Recommendations from Bristol’s Citizens’ Assembly

This blog comes from Warren, a member of the Bristol Citizens’ Assembly which last week shared its recommendations. You can take a look at their interim report, recommendations, the speaker presentations and other information on the citizens’ assembly website

Thanks to all the assembly members who took part in this process. Their recommendations will now be considered by Cabinet members, relevant teams within the council and by the One City Boards, with a report to be published following the local elections in May.

Our world came to a gradual halt early in 2020 with the arrival of COVID19. I think many people came to realise that we cannot collectively go on living as we have. Bristol soon became an eerily quiet place, with most of us forced to stay at home, no longer able to live in the manner we would like to. We certainly enjoyed bluer skies and newly encroaching wildlife amongst other things, but many suffered from isolation and separation from friends and family, including me. In some cases we suffered ill health and tragedy. We have had to reappraise our lives and we know that collectively we have to act differently going forward.

This was the backdrop to my volunteering to join Bristol’s Citizens Assembly and address the question ‘How do we recover from COVID19 and create a better future for all in Bristol?’.  I view my city as a dynamic and progressive place and wanted to make my small contribution to its future, and I was happy to learn that I had been selected.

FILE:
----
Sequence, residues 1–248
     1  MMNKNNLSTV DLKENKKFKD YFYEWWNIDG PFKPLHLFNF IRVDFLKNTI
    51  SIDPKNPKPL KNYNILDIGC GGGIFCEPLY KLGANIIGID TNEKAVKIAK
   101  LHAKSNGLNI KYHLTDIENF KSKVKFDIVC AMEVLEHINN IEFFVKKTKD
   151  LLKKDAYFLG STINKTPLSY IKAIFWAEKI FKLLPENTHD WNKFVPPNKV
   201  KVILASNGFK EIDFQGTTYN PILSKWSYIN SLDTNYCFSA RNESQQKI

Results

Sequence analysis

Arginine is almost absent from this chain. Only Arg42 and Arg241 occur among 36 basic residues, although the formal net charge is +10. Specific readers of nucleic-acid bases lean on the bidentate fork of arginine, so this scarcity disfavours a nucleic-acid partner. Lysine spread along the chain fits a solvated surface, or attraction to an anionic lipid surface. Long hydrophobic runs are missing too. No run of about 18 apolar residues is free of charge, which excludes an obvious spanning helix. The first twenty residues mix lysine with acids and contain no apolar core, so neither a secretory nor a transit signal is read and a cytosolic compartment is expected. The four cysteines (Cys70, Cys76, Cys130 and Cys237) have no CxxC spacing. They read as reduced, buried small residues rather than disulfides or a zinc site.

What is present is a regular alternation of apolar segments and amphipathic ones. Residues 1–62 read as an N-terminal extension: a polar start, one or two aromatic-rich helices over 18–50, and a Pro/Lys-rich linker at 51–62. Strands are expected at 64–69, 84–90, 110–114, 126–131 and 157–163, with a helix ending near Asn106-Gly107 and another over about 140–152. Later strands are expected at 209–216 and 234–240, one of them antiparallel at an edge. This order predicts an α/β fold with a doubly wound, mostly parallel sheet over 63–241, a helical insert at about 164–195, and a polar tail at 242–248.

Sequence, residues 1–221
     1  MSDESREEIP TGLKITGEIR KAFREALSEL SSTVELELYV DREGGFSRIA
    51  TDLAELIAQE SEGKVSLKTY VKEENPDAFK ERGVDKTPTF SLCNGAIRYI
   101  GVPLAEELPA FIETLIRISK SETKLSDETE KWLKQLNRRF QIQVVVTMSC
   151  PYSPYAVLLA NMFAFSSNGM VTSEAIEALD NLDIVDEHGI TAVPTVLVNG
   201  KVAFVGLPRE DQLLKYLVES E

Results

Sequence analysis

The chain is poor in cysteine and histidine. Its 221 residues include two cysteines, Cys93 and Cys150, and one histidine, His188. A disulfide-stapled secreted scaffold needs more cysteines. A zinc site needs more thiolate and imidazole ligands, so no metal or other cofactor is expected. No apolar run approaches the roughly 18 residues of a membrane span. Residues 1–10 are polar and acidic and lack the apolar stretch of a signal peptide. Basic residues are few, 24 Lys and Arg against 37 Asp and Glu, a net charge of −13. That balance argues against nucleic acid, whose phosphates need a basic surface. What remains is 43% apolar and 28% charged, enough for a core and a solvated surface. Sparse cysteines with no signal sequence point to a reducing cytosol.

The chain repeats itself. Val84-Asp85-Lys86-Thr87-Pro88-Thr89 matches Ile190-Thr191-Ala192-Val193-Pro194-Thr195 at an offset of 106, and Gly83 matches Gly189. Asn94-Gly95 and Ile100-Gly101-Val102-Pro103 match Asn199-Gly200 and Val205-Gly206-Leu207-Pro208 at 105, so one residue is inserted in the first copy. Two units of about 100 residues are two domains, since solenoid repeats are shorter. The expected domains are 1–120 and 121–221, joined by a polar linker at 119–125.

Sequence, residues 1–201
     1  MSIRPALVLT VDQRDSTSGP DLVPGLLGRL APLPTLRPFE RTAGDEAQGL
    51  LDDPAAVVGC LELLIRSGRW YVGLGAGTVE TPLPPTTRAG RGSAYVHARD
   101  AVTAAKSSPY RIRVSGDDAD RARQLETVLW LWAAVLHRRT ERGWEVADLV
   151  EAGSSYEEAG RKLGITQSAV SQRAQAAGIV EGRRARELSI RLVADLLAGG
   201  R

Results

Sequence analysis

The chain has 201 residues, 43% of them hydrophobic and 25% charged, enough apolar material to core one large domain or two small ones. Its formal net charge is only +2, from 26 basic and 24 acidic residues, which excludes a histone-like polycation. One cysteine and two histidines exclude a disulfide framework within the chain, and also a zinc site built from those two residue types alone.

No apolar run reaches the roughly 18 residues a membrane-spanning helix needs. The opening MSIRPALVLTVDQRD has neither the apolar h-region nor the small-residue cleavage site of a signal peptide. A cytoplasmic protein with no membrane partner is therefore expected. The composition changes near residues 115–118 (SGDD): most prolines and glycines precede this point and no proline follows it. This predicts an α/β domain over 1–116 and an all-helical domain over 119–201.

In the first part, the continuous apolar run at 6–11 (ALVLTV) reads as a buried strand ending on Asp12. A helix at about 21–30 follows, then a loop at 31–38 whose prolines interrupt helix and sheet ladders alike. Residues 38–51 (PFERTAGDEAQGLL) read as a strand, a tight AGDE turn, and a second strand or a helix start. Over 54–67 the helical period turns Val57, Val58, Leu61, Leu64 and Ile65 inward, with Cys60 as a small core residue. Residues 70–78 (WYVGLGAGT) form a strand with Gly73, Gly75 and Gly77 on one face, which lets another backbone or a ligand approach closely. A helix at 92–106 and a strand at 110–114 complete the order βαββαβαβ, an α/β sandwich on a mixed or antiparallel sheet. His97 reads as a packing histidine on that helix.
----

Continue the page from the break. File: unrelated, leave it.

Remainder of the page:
I have spent four weekends with 60 other Bristol Citizens looking at the issues facing us all in Bristol. We were all selected from diverse backgrounds to ensure fair representation from this multi-faceted city. It was not easy but I felt everyone was committed to this process.

Although I am not a fan of zoom meetings, this complex logistical task was smoothly handled by Involve and a team from the council. Initially we were addressed by Mayor Marvin Rees and Councillors Asher Craig and Paula O’Rourke. I was impressed by their commitment to this process and their depth of knowledge and concern for our collective future.

We face great challenges around issues such as climate change, mental health and poverty, among others. At times it was troubling to hear the evidence presented to us by the many experts who came before us, but there were also positives and it was encouraging to hear that Bristol Council is already acting in each of these areas.

On the final day of the assembly we all came together to review our recommendations. I was moved by their depth and quality and I think it would be fair to say that everyone felt this way. There are great challenges ahead but I think we can rise to them and make Bristol an even better place for everyone.